The Main Event is here. Maybe this will be my year!
I discuss getting butchered in my first week at the 2018 WSOP of poker. It has been a real treat. I am glad the bad luck is clearly out of the way.
That was fun…Be sure to check back next week for another video blog.
The fact that the players who made the WSOP final table used to have four months to prepare created an interesting dynamic that diligent players could exploit. If you happened to make the final table with a short stack, you had four months to study exactly which hands you should be willing to go all-in with when the action folds to you. This high-risk all-in or fold situation just so happened to occur on the second hand of the 2015 WSOP final table.
Without going into too much detail, there were two short stacks at the table, Chan and Butteroni, both with 15 big blinds. The next shortest stack had 30 big blinds. This typically implies that Chan and Butteroni should try to outlast each other. However, the WSOP Main Event has a bizarre payout structure: Read More
I recently had the awesome experience of going to Los Angeles to play a $5/$5 game with four winners of my favorite tv show, Survivor, and one of my favorite people, Joe Stapleton. The show was aired live on CBS Sports. It was a lot of fun and I managed to win almost every big pot. That is lucky! I utilized many of the concepts explained in my best-selling book Strategies for Beating Small Stakes Cash Games. It could not have gone any better!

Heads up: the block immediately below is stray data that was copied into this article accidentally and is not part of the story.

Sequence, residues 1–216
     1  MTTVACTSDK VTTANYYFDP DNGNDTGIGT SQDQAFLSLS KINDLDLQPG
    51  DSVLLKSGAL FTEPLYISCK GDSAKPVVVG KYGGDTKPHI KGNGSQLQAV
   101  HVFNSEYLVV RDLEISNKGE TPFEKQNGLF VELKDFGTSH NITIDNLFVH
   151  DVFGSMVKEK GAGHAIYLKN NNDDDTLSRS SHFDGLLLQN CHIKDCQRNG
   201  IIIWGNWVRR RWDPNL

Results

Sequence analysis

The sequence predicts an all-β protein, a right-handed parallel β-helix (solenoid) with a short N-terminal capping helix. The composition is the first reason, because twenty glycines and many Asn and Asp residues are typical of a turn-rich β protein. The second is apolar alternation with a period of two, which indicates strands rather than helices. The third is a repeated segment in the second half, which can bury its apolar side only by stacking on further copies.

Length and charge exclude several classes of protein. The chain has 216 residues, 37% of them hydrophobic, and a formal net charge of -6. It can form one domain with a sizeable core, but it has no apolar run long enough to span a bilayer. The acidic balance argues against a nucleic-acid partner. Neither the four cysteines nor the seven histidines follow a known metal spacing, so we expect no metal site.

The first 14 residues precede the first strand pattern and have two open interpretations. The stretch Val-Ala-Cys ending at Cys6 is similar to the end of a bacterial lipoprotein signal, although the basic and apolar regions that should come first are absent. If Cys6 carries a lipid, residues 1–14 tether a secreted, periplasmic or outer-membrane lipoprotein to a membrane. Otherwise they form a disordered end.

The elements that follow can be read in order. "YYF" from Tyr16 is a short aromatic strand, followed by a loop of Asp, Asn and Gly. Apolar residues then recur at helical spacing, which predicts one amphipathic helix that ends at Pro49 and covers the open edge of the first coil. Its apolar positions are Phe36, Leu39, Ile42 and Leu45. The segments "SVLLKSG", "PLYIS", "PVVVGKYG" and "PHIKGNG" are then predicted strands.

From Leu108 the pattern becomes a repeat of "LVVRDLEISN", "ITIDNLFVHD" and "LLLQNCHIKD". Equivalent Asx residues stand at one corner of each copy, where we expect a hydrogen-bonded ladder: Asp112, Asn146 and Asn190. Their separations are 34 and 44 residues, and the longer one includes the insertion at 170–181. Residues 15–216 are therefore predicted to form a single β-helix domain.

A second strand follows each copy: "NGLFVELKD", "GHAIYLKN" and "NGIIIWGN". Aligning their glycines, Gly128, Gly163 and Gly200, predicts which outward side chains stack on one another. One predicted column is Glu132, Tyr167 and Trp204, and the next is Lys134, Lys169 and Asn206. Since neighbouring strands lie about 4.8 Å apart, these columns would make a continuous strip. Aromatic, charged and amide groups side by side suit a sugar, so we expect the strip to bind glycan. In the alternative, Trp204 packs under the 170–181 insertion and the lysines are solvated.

If you missed it, the recording is below.
Last week was a whirlwind! I discuss playing the Poker Night Live cash game with four winners of my favorite show, Survivor, and playing the $100,000 buy-in WSOP event.
It did not go well for me! Be sure to check back next week for another fun vlog.
This week was a whirlwind. Watch the video to see! Also, enjoy a little Mister James at the end.
(Spoiler: It ends with a nice cash!)
(Spoiler: Next week will be even wilder!)
The WSOP is right around the corner, so today I would like to share with you a hand I played in a $1,500 buy-in event last year. With blinds of 100/200, I raised to 500 out of my 20,000 stack from early position with J-J. A good, tight, aggressive kid, who was down to 5,000 chips due to recently losing a big pot with Q-Q to A-K, called from middle position. A loose, splashy player with 20,000 called from the big blind. Read More
I was recently told about a hand from a recreational small stakes player that illustrates two detrimental mistakes many players make on a regular basis. In a $1/$3 no-limit hold’em cash game with $160 effective stacks, the players in first and second position at an eight-handed table limped. Our Hero decided to raise to $16 with As-Qd from the button.
While I am fine with raising the limpers purely for value, Hero should make it a bit larger, perhaps $22. The difference between raising to $16 and $22 may seem trivial, but there is a ton of long-term Read More
It is astonishing to me how many players travel from destination to destination to play poker tournaments in an unintelligent manner. When it is time for them to go play a tournament series, they simply plan the trip with little to no preparation. While there is nothing inherently wrong with this approach, in my opinion, if you are trying to get the most equity out of each and every tournament you play, you should ensure your mind is in a good place before sitting at the poker table. Read More